Not being an Israel-Palestine afficianado, it may well be that I'm missing something. But it has often struck me as strange that in all the acres of coverage of the Gaza dispute there is almost never any mention of the border with Egypt.
Thus Israel is routinely criticised for blockading Gaza - and thus starving its inhabitants of vital supplies - yet the same criticism is rarely extended to Egypt which is at least as rigorous as Israel when it comes to keeping its side of the border closed. "Israel withdrew in 2005 but has kept tight control over access in and out of Gaza and its airspace," explains a report on the BBC website - glossing over the fact that Israel has no power to control access along the southern border with Egypt. If Gaza is cut off, it is cut off by both its neighbours, not just one.
Here's the Guardian, for another example:
We do not know how many civilians died in the assault which Israel launched on Hamas in Gaza at 11.30am on Saturday, because Israel prevents foreign journalists as well as Israeli ones from entering the strip.
That should be Israel AND EGYPT.
It was reported by the Press Association yesterday that Egyptian border guards had opened fire on Palestinians who were attempting to flee the Israeli assaults by crossing into Egypt. Which, considering that (we are told) that the inhabitants of Gaza were being blown to bits indiscriminately by the wicked Israelis, seems a little bit, well, disproportionate.
An Egyptian security official said there were at least five breaches along the nine-mile border and hundreds of Palestinian residents were pouring in. At least 300 Egyptian border guards have been rushed to the area to reseal the border, the official added on condition on anonymity because he was not authorised to speak to the press.
You won't have heard this on story on the BBC, any more than you would hear it on the government-controlled Egyptian media. Why not? Hamas propaganda? Unlikely: even Hamas want to talk about it. Reuters quoted Hamas leader Ismail Haniyeh as saying on Saturday, "The simplest response to the massacre today is to reopen Rafah crossing once and for all. I tell our Arab brothers that the simplest response to the massacre is to end the siege."
For the Israelis, the justification for keeping the border - much of the time - closed is security. No-one questions the fact that Hamas, since it came to power in Gaza, has turned the overcrowded statelet into a terrorist camp, firing rockets into Israeli territory on an almost daily basis. Their tactic resembles that of someone who, finding himself trapped in a cage with a fierce but generally lethargic lion, thinks it's a good idea to poke the beast repeatedly with a stick - and then complains loudly when the lion turns round and starts to bite. It is an idiotic tactic as well as a cynical one. Designed to provoke Israel to acts that can be portrayed in the western media as "disproportionate" and in the Arab world as murderous aggression, it is not what one that would make any sense if Hamas actually cared about the people of Gaza - or at least if it cared about them as much as it cares about destroying Israel.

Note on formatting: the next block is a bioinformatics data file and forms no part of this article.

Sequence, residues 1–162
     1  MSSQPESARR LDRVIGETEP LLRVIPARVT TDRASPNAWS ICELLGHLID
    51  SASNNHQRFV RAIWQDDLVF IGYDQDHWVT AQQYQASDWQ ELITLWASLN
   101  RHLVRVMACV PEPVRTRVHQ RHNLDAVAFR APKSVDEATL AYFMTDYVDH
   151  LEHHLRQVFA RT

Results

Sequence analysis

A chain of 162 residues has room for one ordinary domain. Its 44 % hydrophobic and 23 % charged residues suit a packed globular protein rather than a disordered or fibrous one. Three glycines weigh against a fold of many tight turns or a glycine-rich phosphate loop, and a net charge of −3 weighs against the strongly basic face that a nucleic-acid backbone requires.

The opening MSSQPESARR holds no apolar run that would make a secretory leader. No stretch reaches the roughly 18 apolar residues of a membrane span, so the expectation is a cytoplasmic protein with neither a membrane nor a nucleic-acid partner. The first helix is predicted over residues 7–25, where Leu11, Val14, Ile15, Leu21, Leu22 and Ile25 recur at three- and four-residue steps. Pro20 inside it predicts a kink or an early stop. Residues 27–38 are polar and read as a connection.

But what of Egypt? What's their excuse for blockading Gaza? In many ways, they don't need one, because their blockade goes unreported. Unlike Israel, Egypt isn't subjected to daily barrages of Iranian-supplied rockets aimed at its civilian population. On the other hand, the Egyptian government clearly has no love of Hamas, an offshoot of the Muslim Brotherhood which for several decades now has pursued its aim of taking over Egypt and turning it into an Islamic state. Perhaps they worry that if it allowed free access to and from the territory it would effectively become part of Egypt, and that they would be forced to deal with Hamas themselves. There's little doubt (though you won't hear them publicly admit the fact) that the Egyptian authorites were delighted to get shot of the place in 1967, just as the Israelis were almost four decades later when they pulled out in 2005. I expect they're also worried about immigration, and want to keep the Americans happy. All excellent reasons, no doubt. But I can find no such good explanation for the silence about these facts in the western media.
Is it, perhaps, that an Arab regime behaving badly simply isn't news?